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Home > Strategic Business Plan > March 2004 Update
This summary presents an overview of the current strategic business plan for the implementation of digital systems and services for the free national library program operated by the National Library Service for the Blind and Physically Handicapped, Library of Congress (NLS), its network of cooperating regional and local libraries, and the United States Postal Service (USPS). The program was established in 1931 and is funded annually by Congress. While there are still several important "unknowns" at play that will determine the technological and economic feasibility of implementation for alternative digital systems-unknowns that will be addressed and answered in several future studies-this summary provides an overview of a comprehensive strategic plan to facilitate the conversion of the program to digital technologies. The plan will be updated and refined as supporting future studies are completed.
While analog cassette technology has been the backbone of the program for many years, it is now outdated in several respects and is nearing the end of its useful life. Compared to the cassette-based system, digital audio technology offers significant improvements to patrons of the program, network libraries, and NLS. NLS has therefore determined to implement digital audio technology as the framework of the future system. Following a decade and more of research and the establishment of solid technical foundations, the actual transition to patron use of digital materials is expected to begin in four years and require approximately five years to complete.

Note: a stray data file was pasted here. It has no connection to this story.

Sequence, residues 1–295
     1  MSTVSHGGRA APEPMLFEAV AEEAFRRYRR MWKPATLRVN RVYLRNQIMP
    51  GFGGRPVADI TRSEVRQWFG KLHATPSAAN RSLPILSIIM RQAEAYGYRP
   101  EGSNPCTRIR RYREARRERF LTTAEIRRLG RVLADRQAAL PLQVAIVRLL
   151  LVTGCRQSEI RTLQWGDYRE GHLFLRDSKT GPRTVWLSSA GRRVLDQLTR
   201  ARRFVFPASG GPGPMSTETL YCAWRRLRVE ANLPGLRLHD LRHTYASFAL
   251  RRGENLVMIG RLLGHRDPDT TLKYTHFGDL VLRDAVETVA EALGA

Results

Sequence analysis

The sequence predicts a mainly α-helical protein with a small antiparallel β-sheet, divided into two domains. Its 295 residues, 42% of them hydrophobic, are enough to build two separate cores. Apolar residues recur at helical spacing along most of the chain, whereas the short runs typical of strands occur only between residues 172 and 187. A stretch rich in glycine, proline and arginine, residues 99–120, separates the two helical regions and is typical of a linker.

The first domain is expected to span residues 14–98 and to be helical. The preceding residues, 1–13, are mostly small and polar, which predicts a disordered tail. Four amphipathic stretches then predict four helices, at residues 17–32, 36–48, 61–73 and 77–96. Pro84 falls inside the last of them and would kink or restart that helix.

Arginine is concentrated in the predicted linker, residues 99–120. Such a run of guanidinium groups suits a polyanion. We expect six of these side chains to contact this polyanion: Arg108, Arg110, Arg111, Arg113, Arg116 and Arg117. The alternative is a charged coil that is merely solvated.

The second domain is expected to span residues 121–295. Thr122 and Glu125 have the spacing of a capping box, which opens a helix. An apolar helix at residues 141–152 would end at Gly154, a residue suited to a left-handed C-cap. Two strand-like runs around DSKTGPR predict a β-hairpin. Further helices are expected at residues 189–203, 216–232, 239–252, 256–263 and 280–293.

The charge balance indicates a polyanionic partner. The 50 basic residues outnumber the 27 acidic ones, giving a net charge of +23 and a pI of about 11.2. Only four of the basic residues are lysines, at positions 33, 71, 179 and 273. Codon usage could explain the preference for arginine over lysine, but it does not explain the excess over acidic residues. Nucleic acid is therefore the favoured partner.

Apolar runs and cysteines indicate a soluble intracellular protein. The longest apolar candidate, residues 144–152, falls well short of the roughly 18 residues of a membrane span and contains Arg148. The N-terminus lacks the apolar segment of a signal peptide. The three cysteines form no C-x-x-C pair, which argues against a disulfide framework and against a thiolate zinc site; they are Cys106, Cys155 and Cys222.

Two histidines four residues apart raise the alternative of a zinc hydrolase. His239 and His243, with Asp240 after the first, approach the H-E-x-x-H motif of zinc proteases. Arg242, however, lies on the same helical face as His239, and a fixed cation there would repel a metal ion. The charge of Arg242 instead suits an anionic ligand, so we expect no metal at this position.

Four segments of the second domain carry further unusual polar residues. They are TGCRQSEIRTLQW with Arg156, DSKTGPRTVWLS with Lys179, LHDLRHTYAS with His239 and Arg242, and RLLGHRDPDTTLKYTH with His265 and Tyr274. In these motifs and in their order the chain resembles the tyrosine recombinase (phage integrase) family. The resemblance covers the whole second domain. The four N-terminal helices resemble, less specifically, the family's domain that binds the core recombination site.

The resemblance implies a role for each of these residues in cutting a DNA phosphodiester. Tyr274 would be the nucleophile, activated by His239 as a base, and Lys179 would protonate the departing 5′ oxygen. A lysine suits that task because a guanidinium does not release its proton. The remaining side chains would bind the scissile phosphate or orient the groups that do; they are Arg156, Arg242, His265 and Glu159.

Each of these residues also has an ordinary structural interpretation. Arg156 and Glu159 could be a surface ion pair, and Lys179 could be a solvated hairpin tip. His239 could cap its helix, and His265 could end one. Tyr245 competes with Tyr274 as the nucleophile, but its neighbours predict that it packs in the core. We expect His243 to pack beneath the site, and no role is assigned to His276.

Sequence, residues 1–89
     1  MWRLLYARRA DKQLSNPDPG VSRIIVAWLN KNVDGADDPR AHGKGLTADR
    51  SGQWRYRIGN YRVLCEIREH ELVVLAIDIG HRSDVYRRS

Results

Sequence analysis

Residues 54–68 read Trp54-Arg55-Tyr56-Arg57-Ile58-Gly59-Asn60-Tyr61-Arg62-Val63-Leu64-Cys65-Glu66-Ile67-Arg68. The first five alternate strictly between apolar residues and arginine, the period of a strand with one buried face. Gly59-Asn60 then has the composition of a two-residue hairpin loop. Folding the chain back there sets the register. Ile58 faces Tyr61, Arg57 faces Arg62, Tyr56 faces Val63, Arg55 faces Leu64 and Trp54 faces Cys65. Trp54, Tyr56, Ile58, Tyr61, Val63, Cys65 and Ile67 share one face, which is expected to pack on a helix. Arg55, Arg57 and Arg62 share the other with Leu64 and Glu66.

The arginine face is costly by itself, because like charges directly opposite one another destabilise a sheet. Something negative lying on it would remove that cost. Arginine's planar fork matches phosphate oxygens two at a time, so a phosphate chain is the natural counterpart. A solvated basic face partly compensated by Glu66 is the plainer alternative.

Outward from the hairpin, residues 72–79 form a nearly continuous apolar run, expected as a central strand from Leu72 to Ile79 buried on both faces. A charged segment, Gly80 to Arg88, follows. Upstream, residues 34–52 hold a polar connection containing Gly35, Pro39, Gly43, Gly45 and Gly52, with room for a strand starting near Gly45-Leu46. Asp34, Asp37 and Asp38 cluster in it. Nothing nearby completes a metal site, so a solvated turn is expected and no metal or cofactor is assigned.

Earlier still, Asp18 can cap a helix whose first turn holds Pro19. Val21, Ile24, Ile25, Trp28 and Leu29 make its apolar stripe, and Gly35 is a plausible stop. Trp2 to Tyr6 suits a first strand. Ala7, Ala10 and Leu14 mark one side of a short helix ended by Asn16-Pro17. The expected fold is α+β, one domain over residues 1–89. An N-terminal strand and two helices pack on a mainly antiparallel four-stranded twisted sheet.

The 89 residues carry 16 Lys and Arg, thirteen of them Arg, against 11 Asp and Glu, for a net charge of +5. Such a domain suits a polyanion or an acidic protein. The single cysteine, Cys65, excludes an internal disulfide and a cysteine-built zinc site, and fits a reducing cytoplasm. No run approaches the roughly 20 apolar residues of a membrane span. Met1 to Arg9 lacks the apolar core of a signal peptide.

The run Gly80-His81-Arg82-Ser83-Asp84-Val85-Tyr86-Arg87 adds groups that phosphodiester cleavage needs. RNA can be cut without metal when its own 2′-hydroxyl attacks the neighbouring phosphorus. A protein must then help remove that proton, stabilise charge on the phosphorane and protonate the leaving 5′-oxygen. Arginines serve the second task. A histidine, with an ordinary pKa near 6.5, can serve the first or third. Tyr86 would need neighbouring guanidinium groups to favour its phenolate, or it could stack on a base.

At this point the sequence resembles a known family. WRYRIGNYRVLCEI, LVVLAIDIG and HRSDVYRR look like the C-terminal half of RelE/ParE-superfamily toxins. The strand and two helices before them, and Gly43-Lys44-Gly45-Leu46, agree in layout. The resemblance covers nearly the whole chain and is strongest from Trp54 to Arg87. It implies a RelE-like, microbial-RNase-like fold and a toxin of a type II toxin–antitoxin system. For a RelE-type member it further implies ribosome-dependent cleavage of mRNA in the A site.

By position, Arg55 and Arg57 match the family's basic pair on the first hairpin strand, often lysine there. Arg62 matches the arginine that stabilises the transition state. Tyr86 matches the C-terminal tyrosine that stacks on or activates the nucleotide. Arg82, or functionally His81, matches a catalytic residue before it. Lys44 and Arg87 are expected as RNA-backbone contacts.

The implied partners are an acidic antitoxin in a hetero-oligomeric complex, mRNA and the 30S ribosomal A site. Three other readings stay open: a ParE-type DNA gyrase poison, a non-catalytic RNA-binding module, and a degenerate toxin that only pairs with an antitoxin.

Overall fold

NLS anticipates that, ultimately, most patrons of the program will download digital reading materials via the Internet using a variety of broadband channels, and store and read books and magazines on portable playback machines designed specifically for use with such a delivery system. However, several major technological and economic impediments related to the provision of broadband Internet access to patrons of the program are expected to continue for some time. Therefore, NLS has decided that reliance on such a delivery system must be postponed until technological advances make it economically feasible.